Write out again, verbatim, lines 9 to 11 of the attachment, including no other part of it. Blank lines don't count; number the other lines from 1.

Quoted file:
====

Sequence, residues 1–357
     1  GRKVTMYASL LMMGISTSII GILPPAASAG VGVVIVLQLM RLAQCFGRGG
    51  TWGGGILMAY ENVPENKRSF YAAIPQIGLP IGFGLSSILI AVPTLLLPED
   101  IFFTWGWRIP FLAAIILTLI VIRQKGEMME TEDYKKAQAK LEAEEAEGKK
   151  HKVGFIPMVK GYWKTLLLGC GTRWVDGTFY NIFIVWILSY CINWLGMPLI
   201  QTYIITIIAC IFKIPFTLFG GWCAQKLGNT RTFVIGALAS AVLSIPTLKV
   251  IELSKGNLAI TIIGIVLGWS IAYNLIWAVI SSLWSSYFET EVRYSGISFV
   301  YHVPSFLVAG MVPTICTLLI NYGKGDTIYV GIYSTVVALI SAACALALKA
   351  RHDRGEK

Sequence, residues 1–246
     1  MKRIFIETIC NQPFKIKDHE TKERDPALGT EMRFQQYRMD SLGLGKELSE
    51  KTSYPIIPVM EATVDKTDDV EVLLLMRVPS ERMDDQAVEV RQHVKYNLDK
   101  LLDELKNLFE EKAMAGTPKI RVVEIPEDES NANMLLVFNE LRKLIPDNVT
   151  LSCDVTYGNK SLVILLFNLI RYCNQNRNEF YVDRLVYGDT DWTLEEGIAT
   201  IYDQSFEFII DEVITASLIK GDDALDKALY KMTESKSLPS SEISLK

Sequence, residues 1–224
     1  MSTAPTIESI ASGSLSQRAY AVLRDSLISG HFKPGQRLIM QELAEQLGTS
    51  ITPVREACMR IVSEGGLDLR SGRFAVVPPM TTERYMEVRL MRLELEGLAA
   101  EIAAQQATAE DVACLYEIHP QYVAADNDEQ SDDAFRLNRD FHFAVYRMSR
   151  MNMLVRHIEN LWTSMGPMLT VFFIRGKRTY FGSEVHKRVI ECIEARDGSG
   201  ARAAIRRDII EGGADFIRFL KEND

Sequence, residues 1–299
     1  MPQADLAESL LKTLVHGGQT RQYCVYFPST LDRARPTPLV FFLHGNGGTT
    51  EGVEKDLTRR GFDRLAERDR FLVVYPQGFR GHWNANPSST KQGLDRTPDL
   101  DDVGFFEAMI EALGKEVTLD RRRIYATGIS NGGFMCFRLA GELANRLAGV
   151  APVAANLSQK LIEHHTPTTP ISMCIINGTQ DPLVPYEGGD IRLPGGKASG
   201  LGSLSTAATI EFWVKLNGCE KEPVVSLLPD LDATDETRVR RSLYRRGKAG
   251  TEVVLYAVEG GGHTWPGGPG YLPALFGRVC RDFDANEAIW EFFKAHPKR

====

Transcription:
   351  RHDRGEK

Sequence, residues 1–246
     1  MKRIFIETIC NQPFKIKDHE TKERDPALGT EMRFQQYRMD SLGLGKELSE